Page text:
Grade II listed stables, barn, brewhouse, smithy and ancillary buildings. They are early 19th century in date, with one range dated 1804. They are built of red brick with plain tile roofs, and have brick coped gables with plain kneelers, and two ridge stacks to the smithy. They comprise two L-ranges set in sequence. They are one and two storeys high. The southern range forms a courtyard with the separately listed stable block and riding school [SMR 17704]. The two-storey smithy and dovecote are flanked by lean-to stable ranges. There is a datestone inscribed 'Novr 11th 1804'. See list description for more details. (1)
The barn is probably a Type 6 barn, with a traditional three-bay corn working part, a separate feed preparation bay (mill), and a smaller end bay perhaps for storage. The barn is likely to date from the first half of the 19th century and was probably designed as a flail-threshing barn and one which could be used as a pre-High Farming threshing machine barn. When built, the threshing machine was a well-known alternative although it was not in general use until the 1840s. The separated-off first bay, integral to the design of the building, may have housed hand operated machines to turn straw in to chaff for animal feed before the advent of steam power. The chaff could then be removed from the loft through the high opening in the west end wall, where timber supports of a former platform still project out from the wall. It is unclear whether the chaff cutter was on the ground or upper floor. The south-east corner has been much altered but there is likely to have been an original entry through in to the shelter sheds that bordered this position (now the servery for the National Trust café). The earliest plan of 1857 shows an adjoining structure at the east end and both this plan and later Ordnance Survey maps show it as roofless yet fully enclosed; it is not clear what its original function was. It now has a flat roof and is used as kitchens. The barn has been much altered by the National Trust. It is used as a tearoom/restaurant area with modern access in the south-east corner from the collecting area. Whilst this barn is of traditional form and build quality, its possession of additional separated bays at either end indicates its extended role in feed preparation within a largely livestock dominated estate. The likely timing of its construction probably coincides with a significant change in the economics of agriculture in Britain, from a dominance of arable to pastoral farming. The building is of regional rather than solely of local importance. (2)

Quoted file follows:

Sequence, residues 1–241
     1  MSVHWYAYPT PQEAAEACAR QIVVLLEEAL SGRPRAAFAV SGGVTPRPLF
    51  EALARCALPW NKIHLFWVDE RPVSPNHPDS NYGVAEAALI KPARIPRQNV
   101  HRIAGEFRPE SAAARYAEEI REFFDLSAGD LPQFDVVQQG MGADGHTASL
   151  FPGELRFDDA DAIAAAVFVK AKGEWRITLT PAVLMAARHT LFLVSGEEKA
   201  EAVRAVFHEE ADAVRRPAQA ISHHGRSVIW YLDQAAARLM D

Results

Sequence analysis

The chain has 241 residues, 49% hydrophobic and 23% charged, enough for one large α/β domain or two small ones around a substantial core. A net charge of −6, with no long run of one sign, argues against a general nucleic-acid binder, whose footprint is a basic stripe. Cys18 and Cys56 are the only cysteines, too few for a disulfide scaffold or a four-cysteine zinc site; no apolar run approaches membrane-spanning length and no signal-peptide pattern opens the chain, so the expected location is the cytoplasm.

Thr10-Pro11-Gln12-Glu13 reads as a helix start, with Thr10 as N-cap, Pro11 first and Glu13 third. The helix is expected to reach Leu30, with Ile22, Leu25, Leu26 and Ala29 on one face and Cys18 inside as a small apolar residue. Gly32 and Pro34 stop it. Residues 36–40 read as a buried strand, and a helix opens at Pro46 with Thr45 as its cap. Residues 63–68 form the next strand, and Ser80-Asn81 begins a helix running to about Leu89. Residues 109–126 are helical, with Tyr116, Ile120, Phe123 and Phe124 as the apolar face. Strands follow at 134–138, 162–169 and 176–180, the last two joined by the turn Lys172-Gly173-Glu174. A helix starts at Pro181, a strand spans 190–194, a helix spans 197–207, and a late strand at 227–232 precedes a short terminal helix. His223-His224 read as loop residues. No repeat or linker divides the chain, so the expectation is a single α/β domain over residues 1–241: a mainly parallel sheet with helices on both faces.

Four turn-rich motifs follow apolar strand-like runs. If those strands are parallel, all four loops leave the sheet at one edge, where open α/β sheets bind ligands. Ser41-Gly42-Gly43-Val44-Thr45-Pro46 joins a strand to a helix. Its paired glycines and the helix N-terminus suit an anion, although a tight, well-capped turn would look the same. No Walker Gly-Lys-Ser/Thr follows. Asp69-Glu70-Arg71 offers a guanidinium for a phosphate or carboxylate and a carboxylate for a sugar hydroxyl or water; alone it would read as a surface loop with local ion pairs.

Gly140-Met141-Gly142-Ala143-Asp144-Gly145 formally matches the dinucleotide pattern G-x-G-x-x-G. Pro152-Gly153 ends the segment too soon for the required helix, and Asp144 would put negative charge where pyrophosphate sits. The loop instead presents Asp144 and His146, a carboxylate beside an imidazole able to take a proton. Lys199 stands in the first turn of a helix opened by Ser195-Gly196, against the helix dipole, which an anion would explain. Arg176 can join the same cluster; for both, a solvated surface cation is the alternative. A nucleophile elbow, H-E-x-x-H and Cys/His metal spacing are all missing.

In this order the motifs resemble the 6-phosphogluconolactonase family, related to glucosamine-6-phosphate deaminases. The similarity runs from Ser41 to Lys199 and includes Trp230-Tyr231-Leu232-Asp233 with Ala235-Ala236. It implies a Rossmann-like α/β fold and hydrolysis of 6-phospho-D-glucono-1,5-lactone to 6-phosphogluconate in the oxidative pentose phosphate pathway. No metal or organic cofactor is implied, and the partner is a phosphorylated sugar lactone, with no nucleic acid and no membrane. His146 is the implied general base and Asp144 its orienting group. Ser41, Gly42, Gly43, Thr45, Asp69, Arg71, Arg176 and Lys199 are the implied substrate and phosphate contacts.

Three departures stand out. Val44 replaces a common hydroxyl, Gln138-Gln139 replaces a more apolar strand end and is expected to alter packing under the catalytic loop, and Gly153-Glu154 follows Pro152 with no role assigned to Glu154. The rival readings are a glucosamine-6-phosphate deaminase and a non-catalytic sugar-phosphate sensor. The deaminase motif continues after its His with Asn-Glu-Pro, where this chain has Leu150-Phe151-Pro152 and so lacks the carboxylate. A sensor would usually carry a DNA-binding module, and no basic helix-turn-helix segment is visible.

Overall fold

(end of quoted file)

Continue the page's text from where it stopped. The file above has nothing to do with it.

Listed Building File: Historic England. 2011. The National Heritage List for England. NHLE no: 1376653.
Unpublished document: Sheppard, R (ArcHeritage). 2013. Buildings at Calke Abbey: Survey Report. 2-3, 9, fig. 2.
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Centred SK 3670 2271 (44m by 49m)
CALKE, SOUTH DERBYSHIRE, DERBYSHIRE
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Record last edited
Mar 15 2020 11:45AM
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